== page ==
United Technologies Corp. overhauled its two 401(k) plans, simplifying investment options and cutting investment option fees.
UTC, Hartford, Conn., has $16 billion in DC assets — $14 billion in a plan for salaried workers and $2 billion in a plan for union employees. Both plans have the same investment options, and both were revamped.
Executives at UTC cut investment options to nine from 19, reduced the number of investment managers, replaced actively managed mutual funds with passive ones, and hired Aon Hewitt, Lincolnshire, Ill., as record keeper, replacing Fidelity Investments, Boston.
“Simplicity was a high priority,” said Natalie Morris, director of employee benefits and human resources. “We conducted employee focus groups and heard that the choices under the prior design were confusing. Several behavioral economic studies show that fewer choices can lead to more active participant involvement.”
As is the case at other DC plans, investment options are arranged in tiers: a target-date fund series for people with the least experience in investing; a group of core funds for those with more investing experience; and a self-directed brokerage window of mutual funds for participants who say they are more active, savvy investors.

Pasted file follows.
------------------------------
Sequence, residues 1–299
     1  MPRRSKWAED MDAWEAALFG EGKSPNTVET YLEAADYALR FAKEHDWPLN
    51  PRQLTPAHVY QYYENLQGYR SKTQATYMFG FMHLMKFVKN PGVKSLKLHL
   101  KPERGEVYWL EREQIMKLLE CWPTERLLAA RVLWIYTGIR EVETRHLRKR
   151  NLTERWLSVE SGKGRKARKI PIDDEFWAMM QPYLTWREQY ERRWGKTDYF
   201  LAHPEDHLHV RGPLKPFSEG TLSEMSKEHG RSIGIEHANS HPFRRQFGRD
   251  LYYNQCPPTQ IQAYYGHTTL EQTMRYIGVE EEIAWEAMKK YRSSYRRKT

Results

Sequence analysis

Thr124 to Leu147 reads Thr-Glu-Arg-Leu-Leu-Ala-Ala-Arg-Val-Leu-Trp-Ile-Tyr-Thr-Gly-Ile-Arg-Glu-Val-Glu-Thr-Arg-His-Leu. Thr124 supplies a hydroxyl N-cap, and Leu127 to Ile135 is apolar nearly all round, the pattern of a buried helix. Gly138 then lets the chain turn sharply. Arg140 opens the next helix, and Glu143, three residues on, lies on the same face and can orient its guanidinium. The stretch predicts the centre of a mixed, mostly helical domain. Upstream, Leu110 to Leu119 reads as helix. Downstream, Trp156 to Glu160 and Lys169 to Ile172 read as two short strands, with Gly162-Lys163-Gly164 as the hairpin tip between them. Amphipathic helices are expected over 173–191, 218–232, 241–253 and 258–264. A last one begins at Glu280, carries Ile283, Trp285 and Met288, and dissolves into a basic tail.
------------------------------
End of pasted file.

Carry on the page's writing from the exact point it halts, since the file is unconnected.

Making changes in a system that serves 105,000 participants — about half of whom are active employees — didn't happen overnight. “It was a multiyear process of thinking and planning, and one year of actual implementation,” said Robin Diamonte, director of pension investments.
The number of investment choices had been increasing over time, as had the number of investment managers. “We were accumulating ideas over time on how we wanted to change the investment lineup,” Ms. Diamonte said. “We wanted the lineup to be simple, even lower cost and get the participant to focus on the asset allocation decision — which is the key driver of investment returns.”
A catalyst for restructuring its DC plans was the company's decision to stop enrolling new employees in its defined benefit plan starting in 2010. “For new employees, the sole company retirement vehicle is the 401(k) savings plan,” Ms. Morris said. “We wanted to help them — and existing employees — achieve their personal financial goals.”
(The $17.5 billion U.S. defined benefit plan is unaffected by the changes in the DC plans, and the company continues to contribute to the DB plan, Ms. Diamonte said.)
Under the 19 options of the old system, UTC offered funds from seven managers including Fidelity, Vanguard Group Inc. and Northern Trust Corp.
Now, State Street Global Advisors, Boston, manages five core funds, all of which are index funds. “We don't disagree with active management, but we thought that for simplicity's sake, passive was the best way to go,” Ms. Diamonte said.